tors; nor his avunculus, or mother's brother, from those in the [ 231 ] paternal line. Here, then, the supply of proof is deficient, and
by no means amounts to a certainty; and the higher the common stock is removed, the more will even the probability de
But it must be observed, that (upon the same principles of calculation) the half blood have always a much less chance to be descended from an unknown indefinite ancestor of the deceased than the whole blood in the same degree. As, in the first degree, the whole brother of John Stiles is sure to be descended from that unknown ancestor ; his half brother has only an even chance, for half John's ancestors are not his. So, in the second degree, John's uncle of the whole blood has an even chance; but the chances are three to one against his uncle of the half blood, for three fourths of John's ancestors are not his. In like manner, in the third degree, the chances are only three to one against John's great-uncle of the whole blood, but they are seven to one against his great-uncle of the half blood, for seven eighths of John's ancestors have no connection in blood with him. Therefore, the much less probability of the half blood's descent from the first purchaser, compared with that of the whole blood, in the several degrees, has
occasioned a general exclusion of the half blood in all. Unjust ex But, while I thus illustrate the reason of excluding the half tension of the rule,
blood in general, I must be impartial enough to own that, in some instances, the practice is carried further than the principle upon which it goes will warrant. Particularly when a kinsman of the whole blood in a remoter degree, as the uncle or great-uncle, is preferred to one of the half
blood in a nearer degree, as the brother; for the half brother hath the same chance of being descended from the purchasing ancestor as the uncle; and a thrice' better chance than the great-uncle or kinsmen in the third degree. It is, also, more especially overstrained when a man has two sons by different venters, and the estate, on his death, descends from him to the eldest, who enters and dies without issue ; in which case the younger son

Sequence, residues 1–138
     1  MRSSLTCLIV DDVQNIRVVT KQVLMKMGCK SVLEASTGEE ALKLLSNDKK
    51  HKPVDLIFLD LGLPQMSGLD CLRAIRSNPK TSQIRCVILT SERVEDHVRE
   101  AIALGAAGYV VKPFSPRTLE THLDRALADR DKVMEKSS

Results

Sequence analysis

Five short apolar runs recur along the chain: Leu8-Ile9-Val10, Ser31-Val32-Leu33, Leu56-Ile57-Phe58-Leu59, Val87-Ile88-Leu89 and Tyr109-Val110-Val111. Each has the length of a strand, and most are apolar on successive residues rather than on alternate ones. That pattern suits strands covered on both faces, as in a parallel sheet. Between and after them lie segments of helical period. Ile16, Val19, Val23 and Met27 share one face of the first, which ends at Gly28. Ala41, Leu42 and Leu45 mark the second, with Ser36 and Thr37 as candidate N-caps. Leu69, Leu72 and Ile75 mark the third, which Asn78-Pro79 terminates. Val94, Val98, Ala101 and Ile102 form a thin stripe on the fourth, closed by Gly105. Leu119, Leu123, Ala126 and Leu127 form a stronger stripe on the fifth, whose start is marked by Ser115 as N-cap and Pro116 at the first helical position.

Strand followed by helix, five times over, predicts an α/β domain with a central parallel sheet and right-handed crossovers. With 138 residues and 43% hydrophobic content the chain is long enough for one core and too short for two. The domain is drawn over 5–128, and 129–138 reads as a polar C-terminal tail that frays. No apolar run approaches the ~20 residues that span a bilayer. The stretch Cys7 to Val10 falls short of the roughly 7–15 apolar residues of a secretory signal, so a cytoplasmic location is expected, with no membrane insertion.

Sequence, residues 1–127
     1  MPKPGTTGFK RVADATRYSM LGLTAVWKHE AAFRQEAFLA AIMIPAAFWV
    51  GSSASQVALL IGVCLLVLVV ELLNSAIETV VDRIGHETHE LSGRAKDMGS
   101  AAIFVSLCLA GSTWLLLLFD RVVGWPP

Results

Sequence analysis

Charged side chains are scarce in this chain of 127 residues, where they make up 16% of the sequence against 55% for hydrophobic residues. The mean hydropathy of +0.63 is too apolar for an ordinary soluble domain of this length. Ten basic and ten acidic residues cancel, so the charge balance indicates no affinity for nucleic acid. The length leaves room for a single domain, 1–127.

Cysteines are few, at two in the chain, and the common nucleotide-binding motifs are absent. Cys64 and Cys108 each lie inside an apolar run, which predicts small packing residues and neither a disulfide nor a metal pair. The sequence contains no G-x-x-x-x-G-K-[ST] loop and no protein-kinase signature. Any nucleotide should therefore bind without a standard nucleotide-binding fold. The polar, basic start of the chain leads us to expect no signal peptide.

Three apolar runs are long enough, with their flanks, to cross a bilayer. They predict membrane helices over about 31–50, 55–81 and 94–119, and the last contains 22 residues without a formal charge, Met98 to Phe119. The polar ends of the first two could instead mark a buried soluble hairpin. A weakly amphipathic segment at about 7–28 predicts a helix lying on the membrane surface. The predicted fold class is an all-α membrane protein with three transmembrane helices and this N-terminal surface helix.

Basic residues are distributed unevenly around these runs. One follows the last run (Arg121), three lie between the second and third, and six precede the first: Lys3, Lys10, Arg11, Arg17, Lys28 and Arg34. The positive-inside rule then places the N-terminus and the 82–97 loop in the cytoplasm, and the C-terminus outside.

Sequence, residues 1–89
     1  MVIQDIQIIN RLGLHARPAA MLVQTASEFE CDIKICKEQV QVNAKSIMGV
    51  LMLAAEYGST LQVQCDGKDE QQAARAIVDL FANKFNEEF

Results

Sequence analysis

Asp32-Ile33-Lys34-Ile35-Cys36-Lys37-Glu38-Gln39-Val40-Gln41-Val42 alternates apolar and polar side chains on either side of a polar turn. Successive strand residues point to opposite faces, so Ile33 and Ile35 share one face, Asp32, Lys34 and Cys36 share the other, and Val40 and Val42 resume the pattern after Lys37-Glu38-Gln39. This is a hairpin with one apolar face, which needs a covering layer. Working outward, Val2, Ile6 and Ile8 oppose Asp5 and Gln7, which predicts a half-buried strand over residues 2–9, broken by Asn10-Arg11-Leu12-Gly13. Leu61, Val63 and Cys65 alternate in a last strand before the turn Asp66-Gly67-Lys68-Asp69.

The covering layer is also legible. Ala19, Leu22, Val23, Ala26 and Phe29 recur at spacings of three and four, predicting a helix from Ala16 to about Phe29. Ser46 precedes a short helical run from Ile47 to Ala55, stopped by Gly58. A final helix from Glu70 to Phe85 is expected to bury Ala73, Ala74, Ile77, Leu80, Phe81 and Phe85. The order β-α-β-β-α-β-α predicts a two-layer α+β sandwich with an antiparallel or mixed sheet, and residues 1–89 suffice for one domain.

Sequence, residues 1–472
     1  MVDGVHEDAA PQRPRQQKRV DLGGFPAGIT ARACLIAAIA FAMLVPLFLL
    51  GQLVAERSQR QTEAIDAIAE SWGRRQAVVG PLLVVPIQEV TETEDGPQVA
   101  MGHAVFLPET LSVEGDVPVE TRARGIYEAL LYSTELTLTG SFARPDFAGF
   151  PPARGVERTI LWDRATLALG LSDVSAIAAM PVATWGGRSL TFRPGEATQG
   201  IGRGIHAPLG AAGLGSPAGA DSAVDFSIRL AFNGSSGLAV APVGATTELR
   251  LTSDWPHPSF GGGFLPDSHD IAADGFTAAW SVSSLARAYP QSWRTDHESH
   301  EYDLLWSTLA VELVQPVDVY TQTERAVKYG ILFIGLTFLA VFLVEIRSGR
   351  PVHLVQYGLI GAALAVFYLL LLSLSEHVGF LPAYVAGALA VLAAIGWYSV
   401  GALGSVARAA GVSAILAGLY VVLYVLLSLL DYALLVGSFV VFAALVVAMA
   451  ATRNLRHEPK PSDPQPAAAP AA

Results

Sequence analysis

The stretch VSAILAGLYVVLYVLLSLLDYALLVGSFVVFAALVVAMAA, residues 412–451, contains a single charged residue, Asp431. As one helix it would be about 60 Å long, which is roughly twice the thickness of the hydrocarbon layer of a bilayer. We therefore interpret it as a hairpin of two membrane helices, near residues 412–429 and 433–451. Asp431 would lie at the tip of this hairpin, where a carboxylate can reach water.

can not inherit this estate, because he is not of the whole blood  to the last proprietor. This, it must be owned, carries a
a A still harder case than this hap- the youngest daughter should retain pened (M. 10 Edw. III.). On the only her original fourth part of their death of a man who had three daugh- common father's lands. (10 Ass., 27.) ters by a first wife, and a fourth by an. And yet it was clear law in M. 19 Edw. other, his lands descended equally to all II., that where lands had descended to four as coparceners. Afterward, the two sisters of the half blood, as copartwo eldest died without issue; and it ceners, each might be heir of those was held that the third daughter alone lands to the other. (Mayn. Edw. II., should inherit their shares, as being 628; Fitzh. Abr., tit. Quare Impedit, their heir of the whole blood, and that 177.)
(39) This ought to be twice; for the the half brother is therefore twice better half brother has one chance in two, the than that of the great-uncle.-[CHRISTgreat-uncle one in four; the chance of inn.]